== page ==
I don't regard my hawkish acquaintance as a hypocrite; for sure, his brutal honesty makes him a rare breed.

But we're heading for big trouble as a nation if we aren't even concerned that our heads of state may be manipulating us by manipulating the truth.

In a nation where hypocrisy is rewarded, expect more lies.

And from an administration that lies about everything, expect the lies to become more numerous and more outrageous as the next election approaches -- especially if the economy shows no signs of rebounding.

Posted by Tom at 7:36 p.m. CDT

THANKS! 04-29-03

Thanks folks -- I just had my 180,000th visitor via a link from Daily Kos. It's only been 8 days since I had my 170,000th visitor. I've also had a little over 265,000 hits since I installed my hit counter as well.

Considering that, like last week, I've been gone for a few days, I'm still quite happy with the site traffic. I should be here for a while now. No more traveling until the end of May probably -- and I may be able to blog on that trip.

As always, I do thank you for reading. I appreciate it greatly. I hope to give you a reason to come back.

Posted by Tom at 4:14 p.m. CDT


has been offered a job by Arab television network Al-Arabiya.

That truly is priceless, isn't it?

Since this war was such a joke on numerous levels it makes perfect sense that the thing people may remember from it is this guy. I know one of my colleagues was very excited when he heard the news. He couldn't get enough of this guy.

Posted by Tom at 2:48 p.m. CDT

A LOTT OF POSTS 04-29-03

As I was hunting for a Lott post to link to from January, it occurred to me that I should go ahead and provide you with a list of posts in order as well. It's quite a walk down memory lane!

Anyway, here goes:

January posts: here, here, here, here, here, here, here, here, here, here, and here.

February posts: here, here, here, here, here, and here.

March posts: here and here. (The John Lott scandal was annoyingly interrupted by that immoral and unnecessary war in Iraq after all.)

April posts: here, here, herehere, here, here, here, and here.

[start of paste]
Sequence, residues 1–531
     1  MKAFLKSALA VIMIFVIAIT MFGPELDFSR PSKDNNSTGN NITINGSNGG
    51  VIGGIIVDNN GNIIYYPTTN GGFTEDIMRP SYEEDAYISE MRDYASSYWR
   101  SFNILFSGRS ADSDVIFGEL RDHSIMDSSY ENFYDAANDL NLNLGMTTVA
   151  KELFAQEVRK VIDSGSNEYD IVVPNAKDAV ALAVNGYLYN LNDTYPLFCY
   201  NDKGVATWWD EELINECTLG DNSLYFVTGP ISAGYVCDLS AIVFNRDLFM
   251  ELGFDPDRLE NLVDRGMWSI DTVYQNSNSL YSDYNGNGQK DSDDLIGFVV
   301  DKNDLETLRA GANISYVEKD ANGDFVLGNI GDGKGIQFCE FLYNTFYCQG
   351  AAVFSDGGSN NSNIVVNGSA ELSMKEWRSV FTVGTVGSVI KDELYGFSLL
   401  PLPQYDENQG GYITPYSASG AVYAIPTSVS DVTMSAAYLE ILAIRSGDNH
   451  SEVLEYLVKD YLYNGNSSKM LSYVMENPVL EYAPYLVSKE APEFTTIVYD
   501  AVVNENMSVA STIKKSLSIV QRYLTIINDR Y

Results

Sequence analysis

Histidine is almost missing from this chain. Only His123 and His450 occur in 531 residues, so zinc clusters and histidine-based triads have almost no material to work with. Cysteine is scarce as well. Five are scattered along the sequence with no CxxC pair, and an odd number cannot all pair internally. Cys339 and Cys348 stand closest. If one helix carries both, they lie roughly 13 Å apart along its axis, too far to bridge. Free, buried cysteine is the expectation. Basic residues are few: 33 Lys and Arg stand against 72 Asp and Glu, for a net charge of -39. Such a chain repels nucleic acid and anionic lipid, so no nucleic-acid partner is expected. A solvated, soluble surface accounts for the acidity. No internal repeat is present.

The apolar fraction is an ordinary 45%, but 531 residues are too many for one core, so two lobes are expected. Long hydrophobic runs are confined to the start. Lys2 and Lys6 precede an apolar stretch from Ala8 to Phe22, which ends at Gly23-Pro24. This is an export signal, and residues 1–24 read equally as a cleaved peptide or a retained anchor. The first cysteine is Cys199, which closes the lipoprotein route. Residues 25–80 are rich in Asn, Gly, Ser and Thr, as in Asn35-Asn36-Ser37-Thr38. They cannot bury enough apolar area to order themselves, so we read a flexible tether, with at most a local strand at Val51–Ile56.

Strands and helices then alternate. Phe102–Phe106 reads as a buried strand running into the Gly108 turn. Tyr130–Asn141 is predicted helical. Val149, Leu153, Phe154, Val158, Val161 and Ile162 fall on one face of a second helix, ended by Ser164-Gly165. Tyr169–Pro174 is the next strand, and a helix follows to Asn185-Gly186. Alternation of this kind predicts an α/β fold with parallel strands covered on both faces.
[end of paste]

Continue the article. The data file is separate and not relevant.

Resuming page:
Goodness. I blogged a bit about this, didn't I?

Update: There also is an excellent article in Reason magazine by blogger Julian Sanchez about the Lott scandal as well. This won't be available online until next month. As soon as it is available, I will link to it.

Update 2:Here's the link to Julian's article.

Posted by Tom at 1:48 p.m. CDT


As usual, Tim Lambert's got the goods. Isn't it astounding that it takes an article by a couple of Glenn's friends to convince him that Lott might be full of it?

I also love the fact that, even after all this, Glenn is still carrying water for Lott. He published on his blog an e-mail from Lott that is clearly meant to serve as a distraction from the bigger problems exposed by Ayres's and Donohue's devastating article.

John Quiggin also has an excellent post on the subject too. Like me, Quiggin believes one of the not-so-innocent bystanders to be harmed by this scandal is Glenn himself:

But the biggest not-so-innocent bystander to be hit by friendly fire is surely the king of the blogworld, Glenn Reynolds of Instapundit. Having cut his blogging teeth on the Bellesiles scandal (the discrediting of a widely-acclaimed piece of research seen as favorable to gun control), and having ferociously attacked those on the anti-gun side who failed to dissociate themselves from Bellesiles, Reynolds has consistently given Lott the benefit of the doubt, and has even, in a dispute between Lott and respected economist Steve Levitt, been implicated in Lott's slimy manoeuvres (again, see Tim Lambert for the complex and gory details). Clearly all that rhetoric about 'fact-checking your ass' only applies to those who come up with the wrong conclusions.

Boy, doesn't Quiggin's post sound a bit like this?

Update: I don't think I've mentioned this before but one of my readers who is also an economist writes in to remind me that Steve Levitt, whom Insty and Lott have been assaulting with great ferocity, just won the Clark Medal, a very prominent award for economists.

Posted by Tom at 1:01 p.m. CDT


over at the Daily Billboard.

Posted by Tom at 12:19 p.m. CDT


Hey, people are talking about teaching history in the blogosphere -- and I was out of pocket to talk about it at the time. What a drag!

Anyway, both CalPundit and Atrios posted this weekend about teaching history backwards -- and a few college professors have actually posted on the comment boards over at Atrios and CalPundit!

I have toyed with this idea and one of my colleagues tried it a couple of semesters ago. She said it was difficult and didn't work. She only tried it once. That doesn't mean it can't work but explaining causation becomes quite a problem I'm told.

My approach is to constantly try to draw connections to the present -- especially when the past is teaching us lessons we've happily decided to ignore. I also try to spend a fair amount of time on Cold War and post-Cold War history as well. I got a bit behind this semester but I always try to get to the present. However, I must admit that the post-1996 part of my course is still primarily composed of wisecracks.

I think my students do find the last week of class the most useful. I'll be teaching an upper-level course in U.S. Since 1945 next fall and I'm really looking forward to it!

Posted by Tom at